Back in 2020 (which can seem like a lifetime ago), only 4% Americans surveyed by Consumer Reports said they would definitely buy an electric car. But what a difference a couple of years, and a tremendous rise in gas prices, can make: In a new survey of 8,000 Americans released last week, the number who said they would definitely buy an EV jumped to 14%, and more than a third of those surveyed would consider going all electric.
The end of the year is coming up fast, and when it does, our Matching Gift grant from the Posner Foundation of Pittsburgh ends as well. So now is the time to make the most impactful gift to Solar One- one that will make a huge difference in the lives of the people we serve, like K-12 students, workforce trainees and downtown residents who are more in need of public green space than ever before.
So here’s what we can accomplish when you make a gift today, which will be matched dollar for dollar:
For the Green Design Lab K-12 Education Program:
One $250 gift (or ten $25 gifts):
Give a class an opportunity to design and build small solar powered cars. GDL educators have helped tens of thousands of students learn about solar power using the solar race car over the past 15+ years!
One $500 gift (or five $100 gifts):
Help us build a 100-watt solar system with energy storage for a Schoolyard Solar project.
For the Green Workforce Training Program:
One $1,000 gift (or four $250 gifts):
Buy solar panels, drills, and other tools for hands-on training in our Workforce Lab.
For Stuyvesant Cove Park:
One $1,500 gift (or ten $150 gifts):
Sponsor one of our new live community education events featuring local artists, farmers, soil experts, and NYC historians.
Want an in-depth look at how Solar One is working with the NYC Department of Education’s Office of Sustainability to solarize our public schools? Check out this article from Solstice.us that includes a great interview with Amy Colorado, the Green Design Lab’s Program manager fro K-12 Curriculum & Instruction.
“Learning about buildings and how buildings use energy – that’s what sustainability looks like in the city of New York,” Amy said. “I’m incredibly thankful to have entered Solar One to be able to teach environmentalism that is relevant to NYC and its residents.”
Coal- it’s the original fossil fuel. Its concentrated energy powered the Industrial Revolution, and raised humankind’s standard of living to heights that had never been possible.
But now that coal has been thoroughly supplanted by natural gas, which may soon itself be replaced by renewables, how can we restore mining communities, provide stable, high-paying jobs and an identity for former coal communities that they can be proud of? The answer may come from Germany, a country with a lot of former coal mines and ambitious renewable energy goals.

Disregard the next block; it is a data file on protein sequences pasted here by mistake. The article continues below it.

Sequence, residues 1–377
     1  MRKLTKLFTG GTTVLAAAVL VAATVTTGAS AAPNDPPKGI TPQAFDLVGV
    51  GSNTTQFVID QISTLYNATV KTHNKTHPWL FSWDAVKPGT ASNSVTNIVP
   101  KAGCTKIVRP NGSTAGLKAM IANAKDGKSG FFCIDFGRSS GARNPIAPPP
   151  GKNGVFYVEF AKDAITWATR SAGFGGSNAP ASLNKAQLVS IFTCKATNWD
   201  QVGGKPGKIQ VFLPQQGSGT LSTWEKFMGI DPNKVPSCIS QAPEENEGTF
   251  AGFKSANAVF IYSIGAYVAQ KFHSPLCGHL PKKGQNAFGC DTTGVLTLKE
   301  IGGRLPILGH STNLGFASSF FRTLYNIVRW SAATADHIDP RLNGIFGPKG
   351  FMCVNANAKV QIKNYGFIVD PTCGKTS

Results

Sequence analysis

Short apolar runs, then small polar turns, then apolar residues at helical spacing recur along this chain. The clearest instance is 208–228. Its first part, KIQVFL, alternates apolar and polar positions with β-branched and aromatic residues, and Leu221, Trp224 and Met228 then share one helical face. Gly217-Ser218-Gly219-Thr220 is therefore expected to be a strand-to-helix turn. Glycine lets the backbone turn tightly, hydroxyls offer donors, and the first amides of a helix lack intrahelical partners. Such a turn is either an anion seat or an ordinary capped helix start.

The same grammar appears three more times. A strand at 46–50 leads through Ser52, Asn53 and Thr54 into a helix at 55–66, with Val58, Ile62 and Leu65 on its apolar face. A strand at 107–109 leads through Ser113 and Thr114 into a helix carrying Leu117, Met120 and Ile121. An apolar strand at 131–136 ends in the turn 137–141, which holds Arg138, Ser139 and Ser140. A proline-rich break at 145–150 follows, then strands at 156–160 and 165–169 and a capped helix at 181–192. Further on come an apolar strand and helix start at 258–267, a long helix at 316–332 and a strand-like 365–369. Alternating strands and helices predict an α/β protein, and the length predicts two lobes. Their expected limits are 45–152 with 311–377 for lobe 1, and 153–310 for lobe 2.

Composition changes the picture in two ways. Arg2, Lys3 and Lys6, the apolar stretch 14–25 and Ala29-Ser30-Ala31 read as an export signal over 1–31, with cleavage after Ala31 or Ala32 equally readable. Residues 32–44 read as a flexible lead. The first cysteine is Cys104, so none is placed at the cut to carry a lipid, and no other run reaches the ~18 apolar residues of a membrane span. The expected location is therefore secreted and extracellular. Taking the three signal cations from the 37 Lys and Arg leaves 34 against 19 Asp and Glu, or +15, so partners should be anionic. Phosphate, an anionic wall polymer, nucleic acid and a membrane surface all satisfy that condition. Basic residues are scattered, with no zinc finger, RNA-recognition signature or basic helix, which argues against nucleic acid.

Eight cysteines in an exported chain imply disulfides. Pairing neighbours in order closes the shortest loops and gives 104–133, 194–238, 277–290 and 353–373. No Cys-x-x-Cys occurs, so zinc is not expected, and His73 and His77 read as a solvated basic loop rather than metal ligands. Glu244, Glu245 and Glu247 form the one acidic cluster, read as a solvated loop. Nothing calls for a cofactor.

In the northwest region of the country, two professors at the University of Essen-Duisberg began to brainstorm possible uses for the old mines- the last of which will cease operations next year- and have come up with an intriguing concept: repurpose the old mines as battery storage for the wind turbines that are quickly replacing the mines in German coal country.
Everyone knows that renewable energy is winning the race to produce the electricity of the future, some people still have doubts about their ability to handle all our current energy needs, particularly because of the intermittent nature of wind and sun.
Now a team of researchers at NextPV may have figured out a way to get around that little problem.
The Solar One Education team is excited to launch our new, enhanced website, thegreendesignlab.org!
The new website is easy to navigate and offers new features for registering for our Professional Development Workshops, the Green Design Lab Energy Challenge, and a host of resources for our Sustainable Schools Network members!
Since its inception 6 years ago, the Green Design Lab has grown to reach teachers and students in over 400 schools. During this time, Solar One Educators have provided professional development training for teachers on our hands-on curriculum, in-class programming for students, and support for energy reduction and school sustainability projects. With the development and growth of the Green Design Lab Sustainable Schools Network (SSN), Solar One Educators have reached teachers across the United States.